Which Joe gave his name to ‘sloppy joes’? We look at five interesting sandwiches and their lexical origins.
A brief period of fame that a person enjoys before fading back into obscurity.
- ‘In the future, everyone will be famous for fifteen minutes.’
- ‘He afforded everyone their fifteen minutes of fame.’
- ‘The lives, loves and actions of everybody are shrunk down so that everyone can have their fifteen minutes of fame.’
- ‘The parties went on into the small hours, with the usual suspects in attendance, plus a few who were trying to milk their fifteen minutes of fame.’
- ‘It was (one of) my fifteen minutes of fame, and I still get a thrill seeing my name up there, even if no-one else has a clue who I am or what I did.’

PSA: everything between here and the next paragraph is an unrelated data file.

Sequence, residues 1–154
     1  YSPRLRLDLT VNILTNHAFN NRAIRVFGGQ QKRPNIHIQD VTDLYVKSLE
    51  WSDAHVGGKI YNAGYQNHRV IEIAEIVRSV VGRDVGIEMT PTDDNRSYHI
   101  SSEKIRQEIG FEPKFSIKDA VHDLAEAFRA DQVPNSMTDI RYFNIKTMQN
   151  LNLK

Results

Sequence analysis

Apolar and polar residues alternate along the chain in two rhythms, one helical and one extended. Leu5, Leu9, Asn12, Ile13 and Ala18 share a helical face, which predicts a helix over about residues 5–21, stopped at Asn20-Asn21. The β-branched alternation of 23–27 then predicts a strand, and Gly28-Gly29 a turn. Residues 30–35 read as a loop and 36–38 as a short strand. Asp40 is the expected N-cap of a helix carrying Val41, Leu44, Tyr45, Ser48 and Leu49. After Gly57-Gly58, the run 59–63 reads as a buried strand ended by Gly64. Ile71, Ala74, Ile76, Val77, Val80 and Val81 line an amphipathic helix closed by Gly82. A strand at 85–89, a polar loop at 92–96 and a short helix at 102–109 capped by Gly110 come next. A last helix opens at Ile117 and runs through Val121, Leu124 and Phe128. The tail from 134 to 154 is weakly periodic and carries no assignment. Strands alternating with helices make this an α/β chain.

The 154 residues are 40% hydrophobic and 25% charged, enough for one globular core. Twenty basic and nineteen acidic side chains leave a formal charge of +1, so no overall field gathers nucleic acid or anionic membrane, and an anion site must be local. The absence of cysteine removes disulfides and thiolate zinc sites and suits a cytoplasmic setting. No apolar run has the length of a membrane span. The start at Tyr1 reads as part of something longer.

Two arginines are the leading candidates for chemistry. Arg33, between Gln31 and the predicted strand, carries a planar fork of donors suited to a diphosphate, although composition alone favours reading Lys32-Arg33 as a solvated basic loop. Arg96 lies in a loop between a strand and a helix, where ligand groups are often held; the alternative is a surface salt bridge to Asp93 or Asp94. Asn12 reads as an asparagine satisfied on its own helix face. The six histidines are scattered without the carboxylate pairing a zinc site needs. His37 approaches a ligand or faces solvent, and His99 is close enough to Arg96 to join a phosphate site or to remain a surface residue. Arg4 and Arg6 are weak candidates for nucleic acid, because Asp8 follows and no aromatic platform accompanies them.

- ‘Could this have been my fifteen minutes of fame?’
- ‘Even the humblest of trainers can have his fifteen minutes of fame.’
- ‘After all, they too deserved their fifteen minutes of fame.’
- ‘It seems everyone really does want their fifteen minutes of fame - bar none.’
- ‘Sole survivors rarely enjoy their fifteen minutes of fame, particularly when their work covers an obscure escape.’
We take a look at several popular, though confusing, punctuation marks.
From Afghanistan to Zimbabwe, discover surprising and intriguing language facts from around the globe.
The definitions of ‘buddy’ and ‘bro’ in the OED have recently been revised. We explore their history and increase in popularity.